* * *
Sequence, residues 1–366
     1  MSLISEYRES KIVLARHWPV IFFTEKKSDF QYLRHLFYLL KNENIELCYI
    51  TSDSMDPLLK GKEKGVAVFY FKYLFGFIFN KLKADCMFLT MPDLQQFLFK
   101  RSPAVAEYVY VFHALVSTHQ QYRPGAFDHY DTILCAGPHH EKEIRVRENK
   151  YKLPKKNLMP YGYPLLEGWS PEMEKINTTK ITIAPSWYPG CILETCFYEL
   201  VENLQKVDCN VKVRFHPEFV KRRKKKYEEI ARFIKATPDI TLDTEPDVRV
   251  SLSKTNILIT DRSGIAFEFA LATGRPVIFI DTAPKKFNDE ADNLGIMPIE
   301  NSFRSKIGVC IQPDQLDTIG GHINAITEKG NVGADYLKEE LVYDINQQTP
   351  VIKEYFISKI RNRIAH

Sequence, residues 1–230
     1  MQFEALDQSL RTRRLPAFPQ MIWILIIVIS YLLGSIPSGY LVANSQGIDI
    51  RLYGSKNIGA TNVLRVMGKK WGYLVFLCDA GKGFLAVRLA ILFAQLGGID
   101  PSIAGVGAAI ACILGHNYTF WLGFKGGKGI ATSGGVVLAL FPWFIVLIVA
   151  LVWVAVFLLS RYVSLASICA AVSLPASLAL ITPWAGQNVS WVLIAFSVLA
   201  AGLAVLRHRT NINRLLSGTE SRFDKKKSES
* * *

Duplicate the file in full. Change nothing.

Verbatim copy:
Sequence, residues 1–366
     1  MSLISEYRES KIVLARHWPV IFFTEKKSDF QYLRHLFYLL KNENIELCYI
    51  TSDSMDPLLK GKEKGVAVFY FKYLFGFIFN KLKADCMFLT MPDLQQFLFK
   101  RSPAVAEYVY VFHALVSTHQ QYRPGAFDHY DTILCAGPHH EKEIRVRENK
   151  YKLPKKNLMP YGYPLLEGWS PEMEKINTTK ITIAPSWYPG CILETCFYEL
   201  VENLQKVDCN VKVRFHPEFV KRRKKKYEEI ARFIKATPDI TLDTEPDVRV
   251  SLSKTNILIT DRSGIAFEFA LATGRPVIFI DTAPKKFNDE ADNLGIMPIE
   301  NSFRSKIGVC IQPDQLDTIG GHINAITEKG NVGADYLKEE LVYDINQQTP
   351  VIKEYFISKI RNRIAH

Sequence, residues 1–230
     1  MQFEALDQSL RTRRLPAFPQ MIWILIIVIS YLLGSIPSGY LVANSQGIDI
    51  RLYGSKNIGA TNVLRVMGKK WGYLVFLCDA GKGFLAVRLA ILFAQLGGID
   101  PSIAGVGAAI ACILGHNYTF WLGFKGGKGI ATSGGVVLAL FPWFIVLIVA
   151  LVWVAVFLLS RYVSLASICA AVSLPASLAL ITPWAGQNVS WVLIAFSVLA
   201  AGLAVLRHRT NINRLLSGTE SRFDKKKSES